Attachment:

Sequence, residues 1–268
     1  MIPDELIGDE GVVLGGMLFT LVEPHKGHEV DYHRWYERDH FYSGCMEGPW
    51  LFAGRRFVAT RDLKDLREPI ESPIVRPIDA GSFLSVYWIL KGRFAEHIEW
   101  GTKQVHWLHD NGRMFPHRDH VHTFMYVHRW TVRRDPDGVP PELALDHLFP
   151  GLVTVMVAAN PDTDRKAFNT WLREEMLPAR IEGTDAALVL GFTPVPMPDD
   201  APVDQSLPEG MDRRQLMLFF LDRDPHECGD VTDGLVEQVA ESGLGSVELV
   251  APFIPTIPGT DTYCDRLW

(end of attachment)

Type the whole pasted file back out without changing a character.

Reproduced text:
Sequence, residues 1–268
     1  MIPDELIGDE GVVLGGMLFT LVEPHKGHEV DYHRWYERDH FYSGCMEGPW
    51  LFAGRRFVAT RDLKDLREPI ESPIVRPIDA GSFLSVYWIL KGRFAEHIEW
   101  GTKQVHWLHD NGRMFPHRDH VHTFMYVHRW TVRRDPDGVP PELALDHLFP
   151  GLVTVMVAAN PDTDRKAFNT WLREEMLPAR IEGTDAALVL GFTPVPMPDD
   201  APVDQSLPEG MDRRQLMLFF LDRDPHECGD VTDGLVEQVA ESGLGSVELV
   251  APFIPTIPGT DTYCDRLW